By Callaghan O’Hare
FORT WORTH, Texas (Reuters) – As a first-time mother with no idea what to expect, Nancy Pedroza was convinced the hospital was the safest place to have her baby.
That conviction turned to doubt when in late March most U.S. states ordered residents to stay home and hospitals and doctors began taking new precautions to protect pregnant women and their babies against the novel coronavirus sweeping the nation.
So, at 40 weeks pregnant, she turned to a midwife to help her have a home birth. She and her partner Ryan Morgan were about to become parents in the middle of a pandemic.
“Thing were changing so fast,” said Pedroza, 27, who lives with her partner at her parents’ house in Fort Worth, Texas. She had to go alone to all her visits with her obstetrician where before she had brought Morgan or a doula, a birth assistant.
But what really scared her was the uncertainty of who would be allowed to stand by her side at the hospital when the baby came into the world. She would have to choose between Morgan and her doula. The hospital would allow only one and warned her the policy could change and it might bar all visitors.
“It was scary to feel like I might have to do it alone,” she said, noting that the doctors and nurses were not the same as those who had supported her throughout her pregnancy. “It’s nothing like having someone there that you care about and cares about you that’s willing to hold your hand and tell you this is going to be OK.”
As COVID-19 puts the globe on pause and changes every aspect of daily life, women are entering motherhood with a mixture of anxiety, fear and frustration. Some countries and a few U.S. hospitals have banned everyone from the delivery room. Others are separating women who become sick from their newborns.
By early April, with her baby past due and learning Medicaid would not cover a home birth, Pedroza considered giving birth at home without any medical assistance.
She got in touch with midwife Susan Taylor on Facebook, who not only lowered her fee but offered up her own home when Pedroza’s mother became uneasy about the idea of her grandchild being born in her bathroom or bedroom.
But Pedroza was running out of time. Legally the midwife had to transfer Pedroza’s care to a hospital if she went past 42 weeks of pregnancy. A sonogram showed the baby’s fluid levels were low, which can cause complications during birth.
After a membrane sweep, a visit to a chiropractor, a brisk walk and using a breast pump to stimulate labor, the contractions started.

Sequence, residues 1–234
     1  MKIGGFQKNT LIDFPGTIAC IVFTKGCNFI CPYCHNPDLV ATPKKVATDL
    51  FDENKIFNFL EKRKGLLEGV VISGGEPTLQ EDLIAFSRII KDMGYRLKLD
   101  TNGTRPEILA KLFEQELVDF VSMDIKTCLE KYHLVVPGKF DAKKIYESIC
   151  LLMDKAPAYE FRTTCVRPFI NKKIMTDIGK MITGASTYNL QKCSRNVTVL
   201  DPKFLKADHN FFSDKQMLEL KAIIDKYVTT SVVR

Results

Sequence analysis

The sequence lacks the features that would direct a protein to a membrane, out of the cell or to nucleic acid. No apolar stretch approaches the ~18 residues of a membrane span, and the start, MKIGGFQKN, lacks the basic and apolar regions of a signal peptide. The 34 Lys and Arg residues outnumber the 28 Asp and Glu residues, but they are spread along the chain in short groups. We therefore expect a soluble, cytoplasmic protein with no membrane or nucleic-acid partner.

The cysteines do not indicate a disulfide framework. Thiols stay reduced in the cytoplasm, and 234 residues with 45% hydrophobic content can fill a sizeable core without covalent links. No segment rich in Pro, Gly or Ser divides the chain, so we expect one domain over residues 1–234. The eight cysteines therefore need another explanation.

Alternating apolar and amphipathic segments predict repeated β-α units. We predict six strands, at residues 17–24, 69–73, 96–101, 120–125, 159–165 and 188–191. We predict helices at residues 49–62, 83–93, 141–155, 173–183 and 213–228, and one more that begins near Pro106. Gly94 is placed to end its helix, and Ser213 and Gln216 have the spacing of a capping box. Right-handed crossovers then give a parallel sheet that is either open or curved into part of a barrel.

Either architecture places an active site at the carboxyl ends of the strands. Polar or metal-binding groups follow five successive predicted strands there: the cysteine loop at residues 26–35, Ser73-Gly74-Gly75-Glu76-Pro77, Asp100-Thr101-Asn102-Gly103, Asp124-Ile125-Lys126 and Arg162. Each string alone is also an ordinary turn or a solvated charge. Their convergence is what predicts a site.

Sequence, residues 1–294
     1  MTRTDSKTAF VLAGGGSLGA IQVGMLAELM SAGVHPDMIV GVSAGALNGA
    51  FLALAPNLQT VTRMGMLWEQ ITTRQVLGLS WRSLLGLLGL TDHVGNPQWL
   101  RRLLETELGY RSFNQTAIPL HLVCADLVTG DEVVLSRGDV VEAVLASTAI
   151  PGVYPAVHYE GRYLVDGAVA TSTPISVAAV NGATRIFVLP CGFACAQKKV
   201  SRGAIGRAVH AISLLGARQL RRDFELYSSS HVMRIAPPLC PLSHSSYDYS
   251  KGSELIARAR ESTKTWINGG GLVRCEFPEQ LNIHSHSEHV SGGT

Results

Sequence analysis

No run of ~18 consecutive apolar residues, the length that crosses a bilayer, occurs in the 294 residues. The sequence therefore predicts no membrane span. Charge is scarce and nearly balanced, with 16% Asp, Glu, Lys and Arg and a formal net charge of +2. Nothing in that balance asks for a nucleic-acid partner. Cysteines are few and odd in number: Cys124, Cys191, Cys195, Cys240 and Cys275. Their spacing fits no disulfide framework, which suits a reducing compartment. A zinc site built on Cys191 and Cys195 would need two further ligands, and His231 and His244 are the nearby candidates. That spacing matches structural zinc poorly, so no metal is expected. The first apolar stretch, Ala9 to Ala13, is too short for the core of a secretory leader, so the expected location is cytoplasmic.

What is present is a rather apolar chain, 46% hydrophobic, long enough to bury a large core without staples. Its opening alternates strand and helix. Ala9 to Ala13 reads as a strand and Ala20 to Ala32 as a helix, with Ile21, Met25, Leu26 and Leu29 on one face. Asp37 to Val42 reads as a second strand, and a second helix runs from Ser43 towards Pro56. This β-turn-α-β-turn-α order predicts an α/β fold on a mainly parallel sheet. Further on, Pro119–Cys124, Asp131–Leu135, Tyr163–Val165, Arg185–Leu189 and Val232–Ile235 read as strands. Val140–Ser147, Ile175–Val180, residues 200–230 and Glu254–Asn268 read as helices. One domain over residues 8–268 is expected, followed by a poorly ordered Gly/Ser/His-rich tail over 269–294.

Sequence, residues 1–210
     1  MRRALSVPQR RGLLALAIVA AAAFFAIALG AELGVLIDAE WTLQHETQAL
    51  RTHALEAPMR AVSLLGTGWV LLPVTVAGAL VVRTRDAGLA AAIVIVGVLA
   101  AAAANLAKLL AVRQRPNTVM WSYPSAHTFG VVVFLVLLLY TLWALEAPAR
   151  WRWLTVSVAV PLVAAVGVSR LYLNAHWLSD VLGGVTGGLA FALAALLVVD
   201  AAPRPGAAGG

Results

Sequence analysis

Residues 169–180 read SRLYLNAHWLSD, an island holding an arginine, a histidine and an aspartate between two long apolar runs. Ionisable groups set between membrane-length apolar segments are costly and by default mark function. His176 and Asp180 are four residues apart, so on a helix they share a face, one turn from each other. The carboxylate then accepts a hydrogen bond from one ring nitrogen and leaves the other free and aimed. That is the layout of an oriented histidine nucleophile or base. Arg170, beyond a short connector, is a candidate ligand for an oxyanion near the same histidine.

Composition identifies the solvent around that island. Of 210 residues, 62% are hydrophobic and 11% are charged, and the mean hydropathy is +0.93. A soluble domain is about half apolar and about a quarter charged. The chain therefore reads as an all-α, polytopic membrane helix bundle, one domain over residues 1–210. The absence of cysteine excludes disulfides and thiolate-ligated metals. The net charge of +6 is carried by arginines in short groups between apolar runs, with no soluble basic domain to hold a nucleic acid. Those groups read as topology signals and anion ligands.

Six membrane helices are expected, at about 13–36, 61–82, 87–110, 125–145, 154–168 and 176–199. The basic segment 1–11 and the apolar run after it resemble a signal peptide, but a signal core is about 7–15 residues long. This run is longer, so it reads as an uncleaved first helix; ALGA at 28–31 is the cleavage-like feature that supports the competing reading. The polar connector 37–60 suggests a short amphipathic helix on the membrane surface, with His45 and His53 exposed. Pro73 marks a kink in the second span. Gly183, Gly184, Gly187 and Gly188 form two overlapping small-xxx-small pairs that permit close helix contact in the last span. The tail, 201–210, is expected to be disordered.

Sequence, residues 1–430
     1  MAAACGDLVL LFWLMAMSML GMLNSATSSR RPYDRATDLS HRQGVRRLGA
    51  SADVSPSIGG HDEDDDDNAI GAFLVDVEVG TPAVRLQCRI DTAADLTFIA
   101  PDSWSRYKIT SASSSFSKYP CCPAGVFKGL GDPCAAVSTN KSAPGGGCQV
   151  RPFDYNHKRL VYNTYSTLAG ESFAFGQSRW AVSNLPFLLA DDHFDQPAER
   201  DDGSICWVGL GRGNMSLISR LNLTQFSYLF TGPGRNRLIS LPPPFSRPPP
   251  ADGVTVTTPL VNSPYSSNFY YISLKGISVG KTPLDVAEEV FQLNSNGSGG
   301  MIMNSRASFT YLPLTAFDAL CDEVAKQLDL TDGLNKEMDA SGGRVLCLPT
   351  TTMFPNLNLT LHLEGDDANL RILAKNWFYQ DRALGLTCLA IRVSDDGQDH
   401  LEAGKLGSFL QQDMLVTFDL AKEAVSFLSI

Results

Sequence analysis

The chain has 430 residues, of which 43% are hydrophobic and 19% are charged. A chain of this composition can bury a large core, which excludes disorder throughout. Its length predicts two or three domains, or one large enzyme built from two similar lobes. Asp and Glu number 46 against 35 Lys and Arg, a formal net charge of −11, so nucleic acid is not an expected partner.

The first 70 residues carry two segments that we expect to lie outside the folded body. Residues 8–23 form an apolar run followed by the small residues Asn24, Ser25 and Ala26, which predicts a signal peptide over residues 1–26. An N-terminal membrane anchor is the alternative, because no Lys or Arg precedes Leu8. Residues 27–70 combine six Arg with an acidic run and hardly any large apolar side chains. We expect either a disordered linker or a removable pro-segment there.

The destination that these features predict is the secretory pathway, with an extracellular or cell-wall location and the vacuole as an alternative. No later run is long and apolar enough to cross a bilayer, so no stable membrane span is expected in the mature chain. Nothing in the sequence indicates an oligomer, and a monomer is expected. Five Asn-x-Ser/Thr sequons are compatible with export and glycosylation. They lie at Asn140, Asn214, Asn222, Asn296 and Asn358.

After laboring several hours in a birthing tub in Taylor’s home, Pedroza started pushing, but the baby’s heart rate suddenly dropped from 130 to 30, so the midwives called an ambulance.
Masked emergency workers put Pedroza onto a stretcher and wheeled her to an ambulance that took her and Morgan to Texas Health Harris Methodist Hospital Southwest around 1 a.m. Taylor rode with her in the ambulance, monitoring the baby’s heartbeat.
But once at the hospital, her midwives had to leave.
“Once I got the epidural administered and calmed me down a little bit and realizing I’d still be able to do this myself without possibly having a C-section and hearing the baby’s heartbeat on the monitor it brought me so much comfort that I didn’t care I was at the hospital at that point,” said Pedroza, who worked as a massage therapist before becoming pregnant.
After laboring with a mask on for hours, at 5:55 a.m. on April 8 a healthy baby boy named Kai Rohan Morgan was born, weighing 8 pounds and 5 ounces.
The hospital gave her and Morgan masks to wear anytime someone entered their room. Some staff also wore masks and gloves when they helped with breast feeding and took their vital signs.
“It’s already kind of scary thinking that it’s a possibility that you’re going to be in an environment that is contaminated or that puts you at risk or your baby at risk,” Pedroza said. “What puts me on edge more is seeing everyone with that attire and being very adamant about wearing it.”
Photo essay: https://reut.rs/2RFPJLf
(Reporting by Callaghan O’Hare; Writing by Lisa Shumaker; Editing by Rosalba O’Brien)